Charles Spurgeon, speaking to a young pastor, once said: “Don’t you know, young man, that from every town, and every village, and every little hamlet in England, wherever it may be, there is a road to London? And so from every text in Scripture there is a road to the metropolis of the Scriptures, that is Christ.”
Spurgeon’s words mirror the heart behind a massive undertaking I recently helped with called the Jesus Centered Bible. The passion that birthed this effort is the deep conviction that the Bible, the story of God, revolves around a person. And, that person is Jesus.
Each book of the Jesus Centered Bible includes an introductory essay informing and beckoning the reader to see and experience Jesus through the pages ahead. I have included below the introduction that I wrote for the book of Jeremiah.
Have you ever cried so hard and so much that your tears literally dried up? I have. I’ve cried so hard that my head felt like it was going to explode–my eyes were on fire, and my chest felt like bursting open. It’s painful to cry that hard. I remember when our friend Bonnie was shot and killed south of Beirut, Lebanon, in the city of Sidon. I was there when her husband identified her body. I have no words that can capture the level of grief we felt. And when Bonnie’s husband stood in front of the international media, looked into the cameras, and said, “I forgive the man who killed my wife, because Jesus forgave me,” the flood of tears in that room could’ve washed clean the sins of a whole nation.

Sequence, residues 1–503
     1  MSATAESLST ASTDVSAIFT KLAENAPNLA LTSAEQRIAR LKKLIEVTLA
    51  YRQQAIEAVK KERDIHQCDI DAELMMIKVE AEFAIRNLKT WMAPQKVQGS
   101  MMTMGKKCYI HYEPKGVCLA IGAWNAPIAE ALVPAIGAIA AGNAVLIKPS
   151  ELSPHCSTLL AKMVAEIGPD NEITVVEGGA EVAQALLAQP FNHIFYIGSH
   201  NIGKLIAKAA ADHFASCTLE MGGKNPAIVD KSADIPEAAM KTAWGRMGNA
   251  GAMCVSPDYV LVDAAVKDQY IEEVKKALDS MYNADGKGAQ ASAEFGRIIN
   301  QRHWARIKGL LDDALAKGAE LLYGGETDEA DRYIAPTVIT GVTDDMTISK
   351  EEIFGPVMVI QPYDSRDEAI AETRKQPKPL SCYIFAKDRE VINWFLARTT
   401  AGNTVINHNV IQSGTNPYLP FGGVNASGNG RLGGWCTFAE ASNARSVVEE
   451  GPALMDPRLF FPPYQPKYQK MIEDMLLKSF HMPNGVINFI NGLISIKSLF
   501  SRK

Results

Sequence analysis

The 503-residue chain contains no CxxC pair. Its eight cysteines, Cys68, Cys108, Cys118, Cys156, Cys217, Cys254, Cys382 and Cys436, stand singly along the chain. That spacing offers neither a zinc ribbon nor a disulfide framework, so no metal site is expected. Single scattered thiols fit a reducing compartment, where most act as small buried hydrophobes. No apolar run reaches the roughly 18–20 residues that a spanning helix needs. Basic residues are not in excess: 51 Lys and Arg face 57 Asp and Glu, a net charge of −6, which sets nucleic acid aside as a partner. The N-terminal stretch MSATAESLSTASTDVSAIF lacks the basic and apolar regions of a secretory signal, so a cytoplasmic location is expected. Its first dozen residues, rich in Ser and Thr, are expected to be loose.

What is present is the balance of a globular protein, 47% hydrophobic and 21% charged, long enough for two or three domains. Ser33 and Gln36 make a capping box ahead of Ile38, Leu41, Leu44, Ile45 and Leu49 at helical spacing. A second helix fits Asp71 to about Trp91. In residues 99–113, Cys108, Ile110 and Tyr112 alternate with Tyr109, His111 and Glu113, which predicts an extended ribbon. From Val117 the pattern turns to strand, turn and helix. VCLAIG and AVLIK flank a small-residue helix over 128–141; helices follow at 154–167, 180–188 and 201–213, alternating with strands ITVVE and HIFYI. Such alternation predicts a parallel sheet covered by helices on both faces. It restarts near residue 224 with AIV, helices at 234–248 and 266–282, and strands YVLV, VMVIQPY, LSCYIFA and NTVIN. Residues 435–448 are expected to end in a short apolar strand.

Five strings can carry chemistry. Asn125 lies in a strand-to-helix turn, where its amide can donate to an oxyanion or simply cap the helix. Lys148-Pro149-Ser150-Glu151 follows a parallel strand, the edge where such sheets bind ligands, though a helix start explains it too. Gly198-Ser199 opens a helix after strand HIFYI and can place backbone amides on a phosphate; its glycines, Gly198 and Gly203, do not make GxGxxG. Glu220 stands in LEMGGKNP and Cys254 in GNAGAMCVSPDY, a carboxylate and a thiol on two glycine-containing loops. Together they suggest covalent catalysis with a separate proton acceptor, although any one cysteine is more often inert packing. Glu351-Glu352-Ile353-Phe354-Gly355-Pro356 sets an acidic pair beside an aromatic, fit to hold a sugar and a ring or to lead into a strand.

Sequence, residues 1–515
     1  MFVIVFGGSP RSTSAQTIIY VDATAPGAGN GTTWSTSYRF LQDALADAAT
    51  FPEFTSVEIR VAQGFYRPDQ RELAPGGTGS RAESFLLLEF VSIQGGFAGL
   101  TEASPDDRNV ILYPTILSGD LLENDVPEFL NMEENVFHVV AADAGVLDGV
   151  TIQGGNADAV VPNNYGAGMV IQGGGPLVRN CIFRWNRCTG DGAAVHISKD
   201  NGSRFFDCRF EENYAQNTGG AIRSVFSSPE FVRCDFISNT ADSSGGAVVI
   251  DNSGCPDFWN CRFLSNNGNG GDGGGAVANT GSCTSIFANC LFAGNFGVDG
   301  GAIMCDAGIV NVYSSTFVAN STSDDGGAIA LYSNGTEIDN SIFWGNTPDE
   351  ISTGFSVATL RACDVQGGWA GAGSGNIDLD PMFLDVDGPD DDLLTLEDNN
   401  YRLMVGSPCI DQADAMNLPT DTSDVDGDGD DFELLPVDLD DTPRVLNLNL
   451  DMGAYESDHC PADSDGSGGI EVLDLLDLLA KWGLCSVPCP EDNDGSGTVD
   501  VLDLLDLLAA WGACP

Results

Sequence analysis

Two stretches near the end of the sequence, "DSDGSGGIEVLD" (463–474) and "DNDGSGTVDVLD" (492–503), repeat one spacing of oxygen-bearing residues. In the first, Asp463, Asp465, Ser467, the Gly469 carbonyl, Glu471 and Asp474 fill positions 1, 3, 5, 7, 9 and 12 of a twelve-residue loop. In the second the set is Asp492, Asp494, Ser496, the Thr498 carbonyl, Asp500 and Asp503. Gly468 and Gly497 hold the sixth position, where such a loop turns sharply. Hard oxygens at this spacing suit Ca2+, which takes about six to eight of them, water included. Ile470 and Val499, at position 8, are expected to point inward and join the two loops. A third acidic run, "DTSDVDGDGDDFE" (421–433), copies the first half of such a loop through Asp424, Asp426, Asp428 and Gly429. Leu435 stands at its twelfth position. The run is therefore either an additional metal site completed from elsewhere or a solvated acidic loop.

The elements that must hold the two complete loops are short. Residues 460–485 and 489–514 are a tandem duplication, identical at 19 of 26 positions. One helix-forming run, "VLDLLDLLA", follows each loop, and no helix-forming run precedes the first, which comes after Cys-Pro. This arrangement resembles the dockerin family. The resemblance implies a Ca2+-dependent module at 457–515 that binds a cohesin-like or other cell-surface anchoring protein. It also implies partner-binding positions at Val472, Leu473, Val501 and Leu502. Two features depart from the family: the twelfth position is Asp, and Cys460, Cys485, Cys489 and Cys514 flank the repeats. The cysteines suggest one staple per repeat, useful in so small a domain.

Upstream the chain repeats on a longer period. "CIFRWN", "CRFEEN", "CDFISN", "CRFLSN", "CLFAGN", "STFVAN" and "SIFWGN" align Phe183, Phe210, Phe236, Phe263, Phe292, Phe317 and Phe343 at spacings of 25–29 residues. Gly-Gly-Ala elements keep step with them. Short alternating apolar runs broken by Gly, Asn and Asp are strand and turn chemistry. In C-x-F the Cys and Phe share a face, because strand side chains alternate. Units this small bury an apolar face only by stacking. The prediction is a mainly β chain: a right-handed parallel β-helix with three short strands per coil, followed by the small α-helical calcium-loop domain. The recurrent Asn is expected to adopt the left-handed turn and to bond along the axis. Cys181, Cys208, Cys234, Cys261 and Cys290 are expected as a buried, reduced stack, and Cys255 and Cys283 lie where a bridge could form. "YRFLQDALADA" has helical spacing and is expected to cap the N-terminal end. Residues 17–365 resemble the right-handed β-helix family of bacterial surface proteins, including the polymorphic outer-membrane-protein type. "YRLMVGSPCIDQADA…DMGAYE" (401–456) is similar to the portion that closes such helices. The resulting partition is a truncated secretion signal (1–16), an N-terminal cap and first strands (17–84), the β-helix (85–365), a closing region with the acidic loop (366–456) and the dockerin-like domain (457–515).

And, this is what Jeremiah does.
All through the great prophet’s life, we see him weeping before God and on behalf of his people—weeping for the people, on behalf of God. He warns Judah of impending doom if the people will not repent of their rampant idolatry. He pleads with God to spare his people. He weeps because no one will listen. He weeps because he’s often all alone. And in the end, no one listens, and the people of Judah and Benjamin are sent into exile in Babylon.
Jesus must have felt a kinship with Jeremiah. Imagine the scene in Luke 19, when he’s entering Jerusalem as its exalted king, knowing he’s about to be humiliated and executed as a common criminal. Jesus weeps. And as he descends the Mount of Olives, past the garden of Gethsemane, into the Kidron Valley, and through the eastern gates of Jerusalem, Jesus weeps. Like the prophet Jeremiah before him, Jesus weeps because he knows the people don’t understand him. He knows they want him to be king at this moment, but will change their minds very soon.
Jerusalem, then as now, is a city at war with itself and with outsiders. It’s desperate for a peace that will last. Jesus is that Peace, but they don’t recognize him as that. They mistake him for a national political leader. But Jesus’ politics were embedded in another kingdom – and the City on a Hill misses that nuanced-but-vital distinction. So, Jesus weeps. He cries out of empathy, not anger. He loves the people of this city—they are his people, his tribe. His brothers and sisters and mother and cousins and friends all live there. He wants the best for them, but they miss it. They miss him.
Like Jeremiah, Jesus spends much of his earthy life withdrawing to pray and cry—tears for the lost that he so desperately wants to find. Tears for the lonely and broken and poor that need a Savior. But unlike Jeremiah, Jesus himself is the answer. All we have to do is open our eyes and see him…
The Jesus Centered Bible is available here.